As Turkey succeeds in curbing the Covid-19 pandemic, health officials say the country might be facing a new threat.
Crimean-Congo Hemorrhagic Fever (CCHF) has already killed 15 people in the country, Turkish newspaper Daily Sabah reports.
“When Turkey imposed a curfew, people were less likely to catch CCHF. After the curfew was lifted, tick bites increased as a lot of people spent weekends in picnic areas,” said Head of Pediatric Infectious Diseases Department of Faculty of Medicine in Hacettepe University, Professor Mehmet Ceyhan.
What is CCHF?
Crimean-Congo haemorrhagic fever is a widespread disease caused by a tick-borne virus.
According to the World Health Organization, it causes severe viral haemorrhagic fever outbreaks and human-to-human transmission can occur from a tick bite or contact with bodily fluids of infected people.
CCHF is endemic in Africa, Balkans, Middle East and Asian countries south of the 50th parallel north.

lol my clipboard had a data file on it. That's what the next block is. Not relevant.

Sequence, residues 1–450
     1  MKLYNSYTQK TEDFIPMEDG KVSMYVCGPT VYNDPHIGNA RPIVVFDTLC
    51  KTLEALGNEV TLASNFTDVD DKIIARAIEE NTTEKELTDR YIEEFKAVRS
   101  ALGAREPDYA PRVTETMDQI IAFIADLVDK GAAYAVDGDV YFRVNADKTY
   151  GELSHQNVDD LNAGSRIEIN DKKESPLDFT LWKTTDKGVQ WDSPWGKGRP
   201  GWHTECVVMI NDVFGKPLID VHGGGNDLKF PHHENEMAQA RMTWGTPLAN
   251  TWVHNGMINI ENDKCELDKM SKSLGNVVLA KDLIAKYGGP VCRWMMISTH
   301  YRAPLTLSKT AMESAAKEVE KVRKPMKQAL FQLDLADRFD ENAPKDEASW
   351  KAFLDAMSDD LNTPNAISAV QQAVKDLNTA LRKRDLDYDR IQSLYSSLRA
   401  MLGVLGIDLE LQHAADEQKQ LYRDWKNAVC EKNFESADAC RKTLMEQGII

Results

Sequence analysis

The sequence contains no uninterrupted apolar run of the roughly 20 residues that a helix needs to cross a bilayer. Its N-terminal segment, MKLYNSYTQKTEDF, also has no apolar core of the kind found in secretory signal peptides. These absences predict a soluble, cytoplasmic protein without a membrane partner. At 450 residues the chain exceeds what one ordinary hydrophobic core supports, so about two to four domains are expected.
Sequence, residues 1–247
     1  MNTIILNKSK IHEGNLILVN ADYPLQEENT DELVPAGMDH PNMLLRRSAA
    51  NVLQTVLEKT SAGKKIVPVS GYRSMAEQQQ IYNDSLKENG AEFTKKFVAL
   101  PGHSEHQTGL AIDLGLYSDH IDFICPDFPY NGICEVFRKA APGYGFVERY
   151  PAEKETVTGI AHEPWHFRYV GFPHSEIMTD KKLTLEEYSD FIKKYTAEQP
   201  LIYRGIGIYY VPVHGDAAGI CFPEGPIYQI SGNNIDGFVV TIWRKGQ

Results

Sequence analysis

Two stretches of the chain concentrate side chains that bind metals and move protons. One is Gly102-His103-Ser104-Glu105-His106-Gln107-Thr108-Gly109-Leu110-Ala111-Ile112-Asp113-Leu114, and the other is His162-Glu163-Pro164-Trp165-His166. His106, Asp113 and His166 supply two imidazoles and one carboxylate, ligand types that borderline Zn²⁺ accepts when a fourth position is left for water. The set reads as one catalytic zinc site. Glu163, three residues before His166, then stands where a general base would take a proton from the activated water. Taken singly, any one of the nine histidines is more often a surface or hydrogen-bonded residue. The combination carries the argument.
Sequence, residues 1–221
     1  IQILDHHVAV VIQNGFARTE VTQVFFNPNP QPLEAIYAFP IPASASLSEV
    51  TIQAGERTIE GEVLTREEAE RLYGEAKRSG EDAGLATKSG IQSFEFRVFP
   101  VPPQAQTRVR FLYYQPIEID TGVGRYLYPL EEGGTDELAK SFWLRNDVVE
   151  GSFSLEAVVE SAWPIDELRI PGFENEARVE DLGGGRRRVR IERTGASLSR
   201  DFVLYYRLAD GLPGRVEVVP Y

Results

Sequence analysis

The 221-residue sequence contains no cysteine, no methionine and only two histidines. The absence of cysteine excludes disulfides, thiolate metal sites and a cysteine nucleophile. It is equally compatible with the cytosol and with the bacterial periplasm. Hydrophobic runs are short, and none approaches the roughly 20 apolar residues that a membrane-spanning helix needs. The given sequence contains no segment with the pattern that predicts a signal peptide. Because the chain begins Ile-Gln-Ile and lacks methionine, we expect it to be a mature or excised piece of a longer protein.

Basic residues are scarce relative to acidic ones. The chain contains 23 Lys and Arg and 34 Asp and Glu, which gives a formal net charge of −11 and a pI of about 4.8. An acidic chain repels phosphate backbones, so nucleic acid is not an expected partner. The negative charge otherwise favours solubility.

What does CCHF do?
Symptoms may include fever, muscle aches, dizziness, neck pain and stiffness, backache, headache, sore eyes and sensitivity to light.
There may be nausea, vomiting, diarrhoea, abdominal pain and a sore throat early on, followed by sharp mood swings and confusion.
Following infection by a tick bite, the incubation period is usually one to three days, with a maximum of nine days.
“To prevent the ticks from sticking to the skin, it is necessary to dress as covered as possible, and even tuck your pants into your socks while being outdoors in green spaces,” Ceyhan added.
Ceyhan advised that in case a tick is found on the skin, patients should seek medical assistance and not try to remove it themselves.